Honoring Attica After Half a CenturyRoundup
tags: human rights, prisons, Mass Incarceration, Attica Riot
Heather Ann Thompson is the Pulitzer Prize–winning author of Blood in the Water: The Attica Uprising of 1971 and its Legacy. A historian at the University of Michigan, she is currently writing a book on the MOVE bombing of 1985.
Fifty years ago, nearly 1,300 men would stand together in this nation’s most historic uprising against brutal prison conditions at the Attica State Correctional Facility in upstate New York. The night before, however, many of those same men were so upset they could barely speak or sleep.
Mere minutes before it was time for lights out on September 8, 1971, four correction officers had come to one of the tiers of A block to drag a 23-year-old named Larry Dewer out of his cell and take him off to segregation—the dreaded HBZ Block—for an earlier infraction. Suddenly, though, from his cell came the horrible sounds of screaming, furniture breaking, and glass shattering. Unable to see what was going on, and terrified for their friend’s safety, the other men in the nearby cells began banging on their bars and demanding that the COs “Leave that kid alone!” But then, almost as soon as there was chaos, all was quiet. And, as the men looked on in horror, the four guards walked past them carrying Dewer’s utterly limp body. To a man, they feared he was dead, or soon would be.
This fear that one of their own had just been killed by correction officers had everything to do with why Attica would erupt into a full scale uprising the very next morning—and why it would take an action this dramatic to jolt the officials even to consider reform. In short, the human rights violations at Attica were just that systematic, and that endemic.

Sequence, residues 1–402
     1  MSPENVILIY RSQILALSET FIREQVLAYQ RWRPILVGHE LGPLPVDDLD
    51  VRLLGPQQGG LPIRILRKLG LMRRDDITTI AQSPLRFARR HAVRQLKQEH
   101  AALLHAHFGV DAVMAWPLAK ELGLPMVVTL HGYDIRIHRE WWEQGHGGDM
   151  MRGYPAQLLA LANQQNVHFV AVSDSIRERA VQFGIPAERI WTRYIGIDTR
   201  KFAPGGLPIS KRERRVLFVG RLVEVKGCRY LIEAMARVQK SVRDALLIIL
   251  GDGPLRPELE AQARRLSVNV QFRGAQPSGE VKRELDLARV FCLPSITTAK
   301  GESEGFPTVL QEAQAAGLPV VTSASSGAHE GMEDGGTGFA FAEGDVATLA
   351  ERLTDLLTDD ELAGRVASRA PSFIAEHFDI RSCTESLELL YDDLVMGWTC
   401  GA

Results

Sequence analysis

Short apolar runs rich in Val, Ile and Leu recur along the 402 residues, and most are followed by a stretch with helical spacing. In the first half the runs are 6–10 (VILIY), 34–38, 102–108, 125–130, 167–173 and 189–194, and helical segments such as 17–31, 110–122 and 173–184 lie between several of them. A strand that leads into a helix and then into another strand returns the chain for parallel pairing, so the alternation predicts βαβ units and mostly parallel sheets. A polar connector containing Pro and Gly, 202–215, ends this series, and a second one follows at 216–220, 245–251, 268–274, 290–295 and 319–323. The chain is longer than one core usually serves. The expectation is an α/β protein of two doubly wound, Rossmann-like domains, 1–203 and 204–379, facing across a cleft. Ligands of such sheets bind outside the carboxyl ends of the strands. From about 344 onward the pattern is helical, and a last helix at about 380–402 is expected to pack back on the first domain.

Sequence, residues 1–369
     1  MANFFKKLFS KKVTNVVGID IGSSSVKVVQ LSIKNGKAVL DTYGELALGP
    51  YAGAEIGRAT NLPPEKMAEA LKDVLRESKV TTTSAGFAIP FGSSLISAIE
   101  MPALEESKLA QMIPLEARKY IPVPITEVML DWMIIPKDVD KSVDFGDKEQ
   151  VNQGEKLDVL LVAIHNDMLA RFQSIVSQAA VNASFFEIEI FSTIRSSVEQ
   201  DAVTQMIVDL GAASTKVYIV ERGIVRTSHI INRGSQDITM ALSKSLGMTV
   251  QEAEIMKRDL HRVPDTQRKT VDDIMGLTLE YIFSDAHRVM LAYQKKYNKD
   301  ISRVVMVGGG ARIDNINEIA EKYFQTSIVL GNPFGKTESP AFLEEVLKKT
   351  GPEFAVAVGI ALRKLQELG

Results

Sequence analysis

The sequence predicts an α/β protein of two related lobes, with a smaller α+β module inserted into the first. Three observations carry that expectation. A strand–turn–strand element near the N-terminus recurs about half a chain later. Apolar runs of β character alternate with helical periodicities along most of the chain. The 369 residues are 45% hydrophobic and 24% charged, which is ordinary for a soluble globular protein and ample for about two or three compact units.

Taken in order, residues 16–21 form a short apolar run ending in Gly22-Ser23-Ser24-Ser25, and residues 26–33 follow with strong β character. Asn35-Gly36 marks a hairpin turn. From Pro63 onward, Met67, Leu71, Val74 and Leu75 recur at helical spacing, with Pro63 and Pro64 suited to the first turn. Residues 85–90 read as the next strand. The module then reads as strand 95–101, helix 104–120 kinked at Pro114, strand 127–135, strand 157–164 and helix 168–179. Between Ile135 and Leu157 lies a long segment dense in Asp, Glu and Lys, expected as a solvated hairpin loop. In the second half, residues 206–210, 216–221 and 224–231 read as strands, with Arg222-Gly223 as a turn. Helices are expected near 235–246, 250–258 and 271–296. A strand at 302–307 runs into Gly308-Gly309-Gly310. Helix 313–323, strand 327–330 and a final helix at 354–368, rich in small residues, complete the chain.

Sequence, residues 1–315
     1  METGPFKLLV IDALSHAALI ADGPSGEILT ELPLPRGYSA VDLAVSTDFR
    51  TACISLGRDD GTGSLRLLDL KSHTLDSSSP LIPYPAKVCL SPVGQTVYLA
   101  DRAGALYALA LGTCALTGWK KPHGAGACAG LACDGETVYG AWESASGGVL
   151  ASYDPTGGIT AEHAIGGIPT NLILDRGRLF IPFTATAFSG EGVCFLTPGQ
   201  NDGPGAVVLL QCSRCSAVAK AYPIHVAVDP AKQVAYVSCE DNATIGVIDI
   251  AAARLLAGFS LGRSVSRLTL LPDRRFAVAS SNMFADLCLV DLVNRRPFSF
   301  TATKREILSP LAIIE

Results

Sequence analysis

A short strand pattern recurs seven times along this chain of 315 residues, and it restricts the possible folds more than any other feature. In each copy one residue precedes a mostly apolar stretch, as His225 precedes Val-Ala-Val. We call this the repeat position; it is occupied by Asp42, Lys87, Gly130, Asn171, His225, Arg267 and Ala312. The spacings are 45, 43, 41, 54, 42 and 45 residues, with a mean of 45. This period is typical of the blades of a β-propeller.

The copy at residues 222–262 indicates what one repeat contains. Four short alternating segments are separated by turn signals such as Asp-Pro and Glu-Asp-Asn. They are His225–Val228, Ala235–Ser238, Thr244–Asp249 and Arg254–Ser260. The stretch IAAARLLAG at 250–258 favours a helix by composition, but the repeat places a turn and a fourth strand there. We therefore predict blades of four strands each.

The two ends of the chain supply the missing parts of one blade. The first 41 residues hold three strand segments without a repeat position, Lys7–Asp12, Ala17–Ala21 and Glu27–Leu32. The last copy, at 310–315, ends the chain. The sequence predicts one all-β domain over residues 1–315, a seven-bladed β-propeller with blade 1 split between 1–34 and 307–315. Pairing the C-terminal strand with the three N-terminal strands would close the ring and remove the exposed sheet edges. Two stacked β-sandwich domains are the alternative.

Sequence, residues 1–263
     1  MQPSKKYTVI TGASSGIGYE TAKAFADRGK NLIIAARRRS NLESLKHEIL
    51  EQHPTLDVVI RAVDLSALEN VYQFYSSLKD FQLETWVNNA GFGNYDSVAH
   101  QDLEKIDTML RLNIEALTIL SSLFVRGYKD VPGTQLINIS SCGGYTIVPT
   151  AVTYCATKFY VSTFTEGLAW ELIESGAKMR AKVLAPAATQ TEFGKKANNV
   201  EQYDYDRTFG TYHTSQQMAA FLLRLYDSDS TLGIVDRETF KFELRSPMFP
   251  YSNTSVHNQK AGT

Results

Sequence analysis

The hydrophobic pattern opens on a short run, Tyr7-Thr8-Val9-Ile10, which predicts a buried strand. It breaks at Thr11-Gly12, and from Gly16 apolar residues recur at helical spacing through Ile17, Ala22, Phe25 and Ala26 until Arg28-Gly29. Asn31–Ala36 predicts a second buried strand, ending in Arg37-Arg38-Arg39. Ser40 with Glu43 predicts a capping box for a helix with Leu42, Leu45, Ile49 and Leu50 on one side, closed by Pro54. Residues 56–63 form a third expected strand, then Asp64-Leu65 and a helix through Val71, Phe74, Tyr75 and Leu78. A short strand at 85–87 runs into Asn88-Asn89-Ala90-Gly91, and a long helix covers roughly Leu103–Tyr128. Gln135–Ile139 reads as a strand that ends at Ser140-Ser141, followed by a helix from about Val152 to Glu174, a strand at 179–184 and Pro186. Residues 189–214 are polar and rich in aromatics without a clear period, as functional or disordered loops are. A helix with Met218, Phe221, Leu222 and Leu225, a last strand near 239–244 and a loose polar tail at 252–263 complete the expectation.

The fact that police brutality was as dreaded, and expected, as that of correction officers had already led to countless dramatic rebellions outside of prison walls before Attica. By 1971 it had begun to dawn on activists in cities and correctional facilities alike that law enforcement—whether in inner-city school yards or rural prison yards—when directed at Black and brown citizens too often resulted in injury or death and, therefore, should be made accountable in both places, simultaneously.
It was, in fact, the very connectedness between the activism gaining momentum on city streets and that erupting in cellblocks across the nation that so agitated politicians such as Richard Nixon, giving him the white “Silent Majority” voter resentment he so depended upon. Indeed, it was the serious fear of what such connectedness might produce that fueled government programs like COINTELPRO. This fear is also what led the FBI and Chicago police to instigate the so-called Panther shootout in Chicago in 1969—in fact the outright assassination of key leadership of the Black Panther Party for Self Defense. It was also what led Governor Nelson Rockefeller to order the brutal retaking of Attica exactly 50 years ago today. At the time, officials claimed that prisoners had murdered 10 hostages by slitting their throats. In fact, state troopers had killed every one of those men, as well as 29 prisoners, and had shot a total of 128 unarmed men—guards and the incarcerated alike—within a span of just 15 minutes.
It was crucial to state officials that the public be given their version of events: that the Panthers were violent—not the police who murdered Fred Hampton and Mark Clark—and that Attica’s rebel prisoners were the animals, not the troopers who had actually shot everyone in D Yard on the 13th. The unvarnished truth about the preponderant source of violence in the 1960s and ’70s—state violence—would have simply been too destabilizing. That is, unless officials really were willing to contemplate genuine change.